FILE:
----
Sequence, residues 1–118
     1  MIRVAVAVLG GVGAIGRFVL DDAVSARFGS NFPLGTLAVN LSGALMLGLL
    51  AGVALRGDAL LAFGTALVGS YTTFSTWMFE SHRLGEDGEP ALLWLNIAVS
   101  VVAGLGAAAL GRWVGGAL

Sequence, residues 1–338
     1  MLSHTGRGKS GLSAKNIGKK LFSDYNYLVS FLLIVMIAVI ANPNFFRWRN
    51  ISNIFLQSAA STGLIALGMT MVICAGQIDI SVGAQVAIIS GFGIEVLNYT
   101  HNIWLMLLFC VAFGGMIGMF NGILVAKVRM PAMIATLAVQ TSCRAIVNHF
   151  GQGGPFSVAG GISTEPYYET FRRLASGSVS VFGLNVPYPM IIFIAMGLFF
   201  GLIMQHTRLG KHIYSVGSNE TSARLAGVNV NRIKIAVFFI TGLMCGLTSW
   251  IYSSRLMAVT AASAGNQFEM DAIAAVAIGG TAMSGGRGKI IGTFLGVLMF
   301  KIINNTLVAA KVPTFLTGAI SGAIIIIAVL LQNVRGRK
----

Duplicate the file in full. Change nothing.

Sequence, residues 1–118
     1  MIRVAVAVLG GVGAIGRFVL DDAVSARFGS NFPLGTLAVN LSGALMLGLL
    51  AGVALRGDAL LAFGTALVGS YTTFSTWMFE SHRLGEDGEP ALLWLNIAVS
   101  VVAGLGAAAL GRWVGGAL

Sequence, residues 1–338
     1  MLSHTGRGKS GLSAKNIGKK LFSDYNYLVS FLLIVMIAVI ANPNFFRWRN
    51  ISNIFLQSAA STGLIALGMT MVICAGQIDI SVGAQVAIIS GFGIEVLNYT
   101  HNIWLMLLFC VAFGGMIGMF NGILVAKVRM PAMIATLAVQ TSCRAIVNHF
   151  GQGGPFSVAG GISTEPYYET FRRLASGSVS VFGLNVPYPM IIFIAMGLFF
   201  GLIMQHTRLG KHIYSVGSNE TSARLAGVNV NRIKIAVFFI TGLMCGLTSW
   251  IYSSRLMAVT AASAGNQFEM DAIAAVAIGG TAMSGGRGKI IGTFLGVLMF
   301  KIINNTLVAA KVPTFLTGAI SGAIIIIAVL LQNVRGRK